Tom Three Persons
Tom Three Persons is perhaps best described as Alberta's most famous cowboy. Born in March 1888 to Ayakohtseniki, Double Talker, a Blood woman, his natural father was a white trader and bootlegger by the name of Fred Pace. When Pace left Ayakohtseniki prior to the birth of their son, she soon married Three Persons, a young widower from her tribe. Tom Three Persons was originally given the name Mutsi-i-kitstuki, or Handsome Offering, and baptized as Moses Three Persons but known to all as Tom. Tom spent his youth on the Blood Reserve as part of the Three Persons Family and never knew his natural father. He spoke only Blackfoot and became, by all accounts, an outgoing, athletic, and enigmatic young man.
As was custom, it was his uncle that taught him the ways of his people: how to hunt, how to make war, and, most importantly, how to ride.He also held many odd jobs during his youth, working as a mail carrier for the Indian Agency, as a scout for the Northwest Mounted Police, and even as a cowboy on roundup crews for local ranchers.
After concluding a series of treaties with the Indian populations, the federal government tried to encourage them to take up farming - with little success. Many Natives, including those of the Blood tribe, actually preferred a ranching lifestyle, which was more in line with their traditional lifestyle of following the buffalo herds across the prairies than did the farming and harvesting crops. However, some tribes, particularly the Bloods, succeeded at this new agricultural life, and possessed a herd of nearly 15,000 cattle by the turn of the century. One of these successful ranchers was Tom Three Person's stepfather. When his stepfather died in 1899, Tom inherited his herd and his uncle, Bobtail Chief, adopted him.But Tom left the ranch in 1903 when his mother sent him to attend St. Joseph's Indian Industrial School at Dunbow. Over the next three years he learned to speak English, became educated in the Catholic faith, and married his first wife, Eliza Frank.
After graduating from St. Joseph's, Tom brought his new bride back to his stepfather's farm where they had planned to settle down. Throughout his life, Tom would prove himself to be a hard worker, an excellent rider, and an astute business man. In 1907, after he lost the majority of his own herd in the disastrous winter of 1906-07, he was hired as a cowboy for the fall roundup of government and Indian cattle. His skill as a roper so impressed his employers that he was considered one of the best men on the roundup that year. However, it was his riding abilities that most amazed his friends, who, by 1908, had convinced him to enter the bronc-busting competition at the Lethbridge Fair. An impressive second place finish launched his new career. For the next few years, Tom juggled rodeo competitions with life on the round-up, winning first place at the 1909 contest in Lethbridge.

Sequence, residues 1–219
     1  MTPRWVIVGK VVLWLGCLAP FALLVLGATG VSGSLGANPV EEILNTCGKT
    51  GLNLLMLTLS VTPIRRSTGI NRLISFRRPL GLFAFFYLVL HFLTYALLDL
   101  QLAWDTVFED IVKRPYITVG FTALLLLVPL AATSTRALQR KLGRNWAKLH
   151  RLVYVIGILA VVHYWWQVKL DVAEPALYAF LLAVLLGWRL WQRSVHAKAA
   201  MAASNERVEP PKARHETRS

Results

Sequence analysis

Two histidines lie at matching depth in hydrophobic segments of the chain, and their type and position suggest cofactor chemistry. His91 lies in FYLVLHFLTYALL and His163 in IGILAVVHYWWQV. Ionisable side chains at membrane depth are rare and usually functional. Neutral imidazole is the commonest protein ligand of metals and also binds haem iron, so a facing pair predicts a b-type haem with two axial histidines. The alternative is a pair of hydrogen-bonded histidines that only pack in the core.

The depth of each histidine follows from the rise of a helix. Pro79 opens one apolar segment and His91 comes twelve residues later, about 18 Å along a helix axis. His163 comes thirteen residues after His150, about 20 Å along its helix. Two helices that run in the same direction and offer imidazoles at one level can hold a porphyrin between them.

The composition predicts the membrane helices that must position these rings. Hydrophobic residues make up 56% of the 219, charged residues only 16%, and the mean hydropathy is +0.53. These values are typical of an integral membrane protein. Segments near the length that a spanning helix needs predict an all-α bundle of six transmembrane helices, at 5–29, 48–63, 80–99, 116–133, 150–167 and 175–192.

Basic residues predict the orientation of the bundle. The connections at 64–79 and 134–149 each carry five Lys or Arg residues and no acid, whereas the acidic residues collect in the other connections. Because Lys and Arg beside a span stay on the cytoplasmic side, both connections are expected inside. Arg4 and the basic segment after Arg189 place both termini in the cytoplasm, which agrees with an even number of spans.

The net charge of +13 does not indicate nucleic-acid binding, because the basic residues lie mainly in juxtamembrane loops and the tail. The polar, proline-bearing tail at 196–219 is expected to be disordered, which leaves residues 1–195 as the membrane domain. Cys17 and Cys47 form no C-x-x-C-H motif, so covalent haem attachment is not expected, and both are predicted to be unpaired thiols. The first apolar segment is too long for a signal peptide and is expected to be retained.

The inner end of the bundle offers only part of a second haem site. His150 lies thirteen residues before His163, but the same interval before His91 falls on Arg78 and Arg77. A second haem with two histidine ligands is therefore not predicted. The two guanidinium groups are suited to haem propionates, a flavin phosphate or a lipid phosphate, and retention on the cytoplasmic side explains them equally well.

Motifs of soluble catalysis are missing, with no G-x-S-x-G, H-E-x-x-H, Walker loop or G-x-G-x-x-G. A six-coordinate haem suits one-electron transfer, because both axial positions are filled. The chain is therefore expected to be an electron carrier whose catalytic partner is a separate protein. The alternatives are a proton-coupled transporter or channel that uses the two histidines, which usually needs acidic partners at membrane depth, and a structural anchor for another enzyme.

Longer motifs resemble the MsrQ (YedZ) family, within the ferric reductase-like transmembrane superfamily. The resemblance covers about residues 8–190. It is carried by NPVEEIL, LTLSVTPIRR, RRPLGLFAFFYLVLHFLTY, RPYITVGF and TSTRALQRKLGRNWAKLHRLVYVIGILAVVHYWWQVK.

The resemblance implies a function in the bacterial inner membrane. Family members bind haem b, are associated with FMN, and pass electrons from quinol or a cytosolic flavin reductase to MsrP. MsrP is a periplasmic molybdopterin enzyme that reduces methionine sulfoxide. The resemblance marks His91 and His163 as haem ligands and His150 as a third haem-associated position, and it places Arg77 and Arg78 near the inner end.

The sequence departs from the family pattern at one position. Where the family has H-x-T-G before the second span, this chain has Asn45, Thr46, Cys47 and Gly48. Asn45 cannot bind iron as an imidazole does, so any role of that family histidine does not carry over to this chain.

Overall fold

The rodeo was slowly gaining in popularity in the west, and when an entrepreneur by the name of Addison Day began his travelling wild west show in 1911, he offered Three Persons a spot in his troupe. By the end of that year, Tom Three Persons had become recognized as one of the leading bronc riders in the West - "the famous Indian rider." In 1912, yet another entrepreneur, Guy Weadick, was looking to capitalize on the popularity of the rodeo.Weadick had convinced four southern ranchers to help him finance a stampede as a tribute to the Old West. The first ever Calgary Stampede attracted competitors from all over North America and was held in August 1912 at Calgary. At the end of the six day event, and in front of a very large and distinguished crowd, Three Persons became the only Canadian to win a top award. He was crowned the world's bucking horse champion, beating out many experienced American professional cowboys.
Three Persons had been the only Canadian to achieve a championship in a major event at the Stampede and his victory made him an instant celebrity. He remained on the rodeo circuit for most of his life and became known as much for his drinking and carousing as for his riding skill. Tom Three Persons inspired generations of Blood Indians to success in the rodeo arena.
- Excerpt from Purich Publishing book: Tom Three Persons: Legend of an Indian Cowboy by Hugh A. Dempsey